As each year ends and a new one begins, I have a few rituals. I watch the ball drop with my loved ones. I celebrate with a family gathering on New Year’s Day. And, I take some time to reflect on the previous year, think about what I want to accomplish in the new one, and I take time for setting goals.
Reflection time is key to keep moving forward in life. As they say, “same old thinking, same old results.” Without reflection, we never see if we’re on the right path or straying off in another direction.
Reflection gives us that pause to re-group, re-assess, and recharge, armed with information from the recent past. Organizations can perform a similar year-end inventory, reflecting on successes, challenges, and progress toward organization-wide goals. Involving your staff at the department level in a discussion about the past year’s progress is a great strategy for putting closure on the year and preparing your team for new and continuing goals. This discussion not only engages staff in setting new goals but also provides a great opportunity to celebrate successes that may have dropped off the radar for several months.
At the organization-wide level, publishing a summary of the reflections for all employees (or, better yet, involving them in the year-end assessment) will ensure that all your internal stakeholders start the new year out on the same page.
What Is the Goal?
In assessing end-of-year achievements, it’s important to reacquaint yourself with the original goal. Take a step back and remind yourself what your goals were at the beginning of the year. Do those goals look the same at the end of the year or did the overall goal shift? What progress did you make toward that goal? If you didn’t make good progress, what were the barriers you encountered?
Many organizations set goals on a multi-year basis; however, it’s still important to re-assess them periodically throughout the year, particularly at the year’s end. Over the year, your objectives may have changed due to external circumstances, internal changes, or any combination of environmental factors. The important thing is that you evaluate whether or not you have a solid set of worthy objectives guiding your daily work.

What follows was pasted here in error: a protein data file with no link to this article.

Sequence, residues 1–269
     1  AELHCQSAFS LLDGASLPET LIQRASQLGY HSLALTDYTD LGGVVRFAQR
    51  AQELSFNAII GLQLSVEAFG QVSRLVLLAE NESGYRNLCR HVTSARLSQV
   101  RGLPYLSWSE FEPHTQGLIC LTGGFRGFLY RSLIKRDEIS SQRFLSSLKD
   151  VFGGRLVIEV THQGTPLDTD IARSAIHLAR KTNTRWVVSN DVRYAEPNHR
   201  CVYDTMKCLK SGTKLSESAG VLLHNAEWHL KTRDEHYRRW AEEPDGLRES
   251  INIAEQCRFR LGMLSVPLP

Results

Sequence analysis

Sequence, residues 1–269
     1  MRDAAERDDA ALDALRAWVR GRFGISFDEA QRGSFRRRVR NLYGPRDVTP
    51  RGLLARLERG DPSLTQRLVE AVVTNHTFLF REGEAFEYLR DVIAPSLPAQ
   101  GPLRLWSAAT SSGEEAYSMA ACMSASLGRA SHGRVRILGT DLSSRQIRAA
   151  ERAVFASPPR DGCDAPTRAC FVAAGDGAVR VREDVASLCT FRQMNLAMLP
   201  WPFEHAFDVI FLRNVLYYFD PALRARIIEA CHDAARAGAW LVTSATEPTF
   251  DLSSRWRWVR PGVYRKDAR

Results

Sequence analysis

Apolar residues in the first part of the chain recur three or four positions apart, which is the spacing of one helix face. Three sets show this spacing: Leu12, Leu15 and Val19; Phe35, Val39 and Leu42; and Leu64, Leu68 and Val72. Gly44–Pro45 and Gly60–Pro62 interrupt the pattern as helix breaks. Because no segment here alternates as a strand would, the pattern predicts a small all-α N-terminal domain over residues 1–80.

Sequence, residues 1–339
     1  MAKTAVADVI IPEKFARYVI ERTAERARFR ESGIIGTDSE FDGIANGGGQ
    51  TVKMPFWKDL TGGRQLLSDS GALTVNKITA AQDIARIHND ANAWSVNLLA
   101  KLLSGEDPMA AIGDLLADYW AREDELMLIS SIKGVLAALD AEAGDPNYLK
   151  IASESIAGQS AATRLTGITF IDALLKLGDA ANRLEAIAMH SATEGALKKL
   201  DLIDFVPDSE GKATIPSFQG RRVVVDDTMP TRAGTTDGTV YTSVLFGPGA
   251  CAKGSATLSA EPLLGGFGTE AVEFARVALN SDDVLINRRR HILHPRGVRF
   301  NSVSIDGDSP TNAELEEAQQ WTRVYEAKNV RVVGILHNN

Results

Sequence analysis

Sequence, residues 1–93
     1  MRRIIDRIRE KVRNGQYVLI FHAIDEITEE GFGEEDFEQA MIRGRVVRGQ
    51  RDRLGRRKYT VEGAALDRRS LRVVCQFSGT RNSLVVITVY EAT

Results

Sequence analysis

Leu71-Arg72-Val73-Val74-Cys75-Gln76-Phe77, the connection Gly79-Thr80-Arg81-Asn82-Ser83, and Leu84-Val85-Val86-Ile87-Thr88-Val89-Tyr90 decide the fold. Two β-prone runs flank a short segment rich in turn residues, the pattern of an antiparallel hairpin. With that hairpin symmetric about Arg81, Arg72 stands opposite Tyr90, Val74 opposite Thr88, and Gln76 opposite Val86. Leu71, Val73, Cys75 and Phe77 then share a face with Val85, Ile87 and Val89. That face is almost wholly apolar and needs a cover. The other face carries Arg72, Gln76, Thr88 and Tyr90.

When you’re doing your year-end assessment of your progress toward your goals or helping your staff create meaningful goals for hte new year, think through some important questions.
- Are your department goals still in line with the organizational strategy and values?
- Are they S.M.A.R.T. (specific, measurable, attainable, realistic, and time-worthy?)
- Can employees get behind and believe in the goals? Have you helped them see how the goals fit their values and organizational strategy?
- What roadblocks have prevented your staff from reaching their goals?
- Have you been working toward your goals all year, or were they trotted out last January never to see the light of day again until now?
How Do You Know If You’ve Reached Your Goal?
A commonly accepted practice in goal setting says that goals must be measurable; otherwise, how will you know if you’ve reached your goal? However, if you only review your objectives on an annual basis, you have ample opportunity over 365 days to derail. Any goals for your organization, department, team, or yourself can be broken into short-term goals that can be used for benchmarking progress. As you’re assessing your year-end progress, note those benchmarks. Some goals for the year may not have been reached, but some progress is better than not moving at all. Some organizational goals may be more “open-ended” goals, not tasks to be checked off, but more to be checked up on.
What Do You Do If You Haven’t Reached A Goal?
There is a multitude of reasons why you, your organization, or your team may not have reached one of your annual goals. This is the perfect time to step back, re-examine your purpose, and rewrite the goal for the next year. Is it something you still believe in and value? Is it a priority? If so, determine what obstacles kept you from accomplishing it. Not enough time? Too few resources? Not enough personal commitment to making it happen? If you don’t reach a goal, it is important to re-assess its relevance. You may determine that it is no longer a priority and that is fine. Where we often struggle is when we feel that a goal is still a priority, but we didn’t make it happen. Remember, this reflection time is about moving yourself, your department, and your organization to new heights in the new year. Be honest without being self-deprecating.
if your goals include organizational change, contact Baird for more information about our consulting services to help you improve your patient experience, employee engagement levels, and more.Tags: goal setting, planning